Still, Iranian filmmakers have found ways to work around the censorship process, tailoring their plots or characters but still producing social commentary that is thoughtful and critical. Film has become, in fact, perhaps the strongest medium for independent political voices in the Middle East, who use the subtleties of their medium to convey critical messages.
“Film can be an indirect medium — you have a message of protest in the film without being too direct,” says Akrami. “It offers more opportunities, a wider expanse of creative freedom because of the nature of the medium. Iranian artists are taking advantage of that.”
To evade the ban on depiction of adult relationships, many filmmakers have made films about children. “The White Balloon,” which won the Camera D’Or at Cannes in 1995, is one such film. It follows the escapades of 7-year-old Razieh, who wants to buy a goldfish for New Years but loses the money her mother gave her to do so. “Children of Heaven,” which was nominated for an Oscar in 1999, is a similar story: Young Ali loses his sister Zahra’s shoes, and in order to hide the loss from their impoverished parents, the siblings decide to share Ali’s ratty tennis shoes. Both “Children of Heaven” and “The White Balloon” are films with superficial charm and uplifting tone, but both manage to convey quiet but strong commentary on tolerance and poverty in their countries.
In fact, some critics argue that the restrictions on content have worked to enrich Iranian cinema, forcing filmmakers to be more attentive to the craft and narrative and find compelling and subversive ways to communicate large or complex themes without melodrama. “Before the revolution, when Iranian cinema was permissive, there were heavy doses of sex and violence. Those movies and some of the filmmakers were banned after the revolution,” says Akrami. “The filmmakers decided to focus on humanitarian issues. But when filmmakers were deprived of commercial elements like sex and violence, they had to concentrate more of a decent story line and credible characters.”
In treading lightly and using benign sources for storytelling, Middle Eastern filmmakers have made movies that are especially enlightening about the small nuances and overwhelming challenges of everyday life in their countries. The films yield details that lead to greater revelations about the culture and lifestyle in remote countries like Morocco, Lebanon or Afghanistan. The films, despite their avoidance of blatant political rhetoric, take American viewers beyond — or behind — the headlines and political analysis generated at home..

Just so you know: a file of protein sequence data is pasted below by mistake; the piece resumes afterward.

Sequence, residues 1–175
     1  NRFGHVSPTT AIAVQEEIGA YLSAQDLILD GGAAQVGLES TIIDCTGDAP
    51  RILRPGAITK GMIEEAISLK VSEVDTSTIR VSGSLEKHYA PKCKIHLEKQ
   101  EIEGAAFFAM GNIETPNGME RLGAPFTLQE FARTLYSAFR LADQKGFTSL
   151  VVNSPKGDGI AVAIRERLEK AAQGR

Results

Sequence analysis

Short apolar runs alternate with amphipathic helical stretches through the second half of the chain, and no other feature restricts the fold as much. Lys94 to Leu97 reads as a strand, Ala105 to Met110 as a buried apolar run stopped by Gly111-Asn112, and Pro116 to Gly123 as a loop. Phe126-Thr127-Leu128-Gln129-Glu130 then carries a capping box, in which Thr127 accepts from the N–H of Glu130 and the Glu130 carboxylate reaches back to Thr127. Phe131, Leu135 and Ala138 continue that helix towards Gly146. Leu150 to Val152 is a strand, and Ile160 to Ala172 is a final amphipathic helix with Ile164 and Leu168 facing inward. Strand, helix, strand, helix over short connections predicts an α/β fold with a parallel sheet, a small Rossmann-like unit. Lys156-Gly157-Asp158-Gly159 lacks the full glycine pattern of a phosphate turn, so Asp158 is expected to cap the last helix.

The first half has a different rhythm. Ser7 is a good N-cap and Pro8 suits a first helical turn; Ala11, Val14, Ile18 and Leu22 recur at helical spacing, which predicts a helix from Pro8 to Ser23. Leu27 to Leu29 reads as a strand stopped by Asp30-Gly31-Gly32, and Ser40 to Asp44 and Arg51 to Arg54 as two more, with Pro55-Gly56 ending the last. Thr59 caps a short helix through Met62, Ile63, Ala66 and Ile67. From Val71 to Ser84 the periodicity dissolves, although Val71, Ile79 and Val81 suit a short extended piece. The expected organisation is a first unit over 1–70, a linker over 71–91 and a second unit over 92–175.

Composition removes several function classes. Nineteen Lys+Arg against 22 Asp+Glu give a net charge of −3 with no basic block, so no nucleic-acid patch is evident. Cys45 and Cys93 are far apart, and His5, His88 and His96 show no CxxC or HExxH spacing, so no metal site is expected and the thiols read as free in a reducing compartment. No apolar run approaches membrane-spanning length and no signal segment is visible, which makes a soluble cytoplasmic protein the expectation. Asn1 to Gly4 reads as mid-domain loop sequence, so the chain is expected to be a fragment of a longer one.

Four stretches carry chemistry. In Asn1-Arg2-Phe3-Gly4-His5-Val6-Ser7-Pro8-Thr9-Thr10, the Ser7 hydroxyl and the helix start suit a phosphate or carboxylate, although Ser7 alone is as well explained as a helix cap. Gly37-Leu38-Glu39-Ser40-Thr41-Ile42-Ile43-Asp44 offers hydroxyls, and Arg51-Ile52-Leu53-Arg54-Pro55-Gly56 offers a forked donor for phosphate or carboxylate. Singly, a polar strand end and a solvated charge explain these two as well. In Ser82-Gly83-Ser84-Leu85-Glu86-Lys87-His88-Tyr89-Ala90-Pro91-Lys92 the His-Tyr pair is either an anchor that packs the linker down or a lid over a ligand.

Director Elia Suleimans’ 1996 film “Chronicle of a Disappearance,” for example, is a blackly comical depiction of daily life in Jerusalem, from a Palestinian point of view. The movie is essentially a plot-free autobiographical film about Suleiman’s return to Jerusalem after a self-imposed exile in the United States. Abstract and deeply ironic, it offers snapshots of a city where souvenir vendors sell “holy water” that they bottle themselves, while squadrons of military police race around the city in useless circles.
Similarly, Michel Khleifi’s more traditional film “Wedding In Galilee” (1988) looks at the strained relationship between Palestinians and Israelis from the viewpoint of those living the conflict every day. In “Wedding In Galilee,” the elder of an occupied Palestinian village in the West Bank convinces the Israeli governor to lift a curfew so that he can throw a wedding for his son; the condition is that the governor and his staff are guests of honor at the ceremony. Between this film and “Chronicle of a Disappearance,” it’s possible to understand the mundane details and enormous personal conflicts of life in a country battered by decades of violence and religious warfare.
Iran’s strong film industry also has produced a number of films that illuminate the humanity of people that many Americans once regarded as enemies. Iran’s most famous director, Abbas Kiarostami, produces films that are slowly paced and simple meditations on Iranian adult life, such as “Through the Olive Trees” and the award-winning “A Taste of Cherry.” The latter is about a man who wants to commit suicide and is looking for someone to bury him after he’s dead. As he drives around the hills of Tehran, he picks up a Kurdish soldier, an Afghan semininarian and a taxidermist. The conversations they have give life and complexity to the vast ethnic mix of a country packed with refugees from various Middle Eastern conflicts, while offering universal commentary on the value of human life.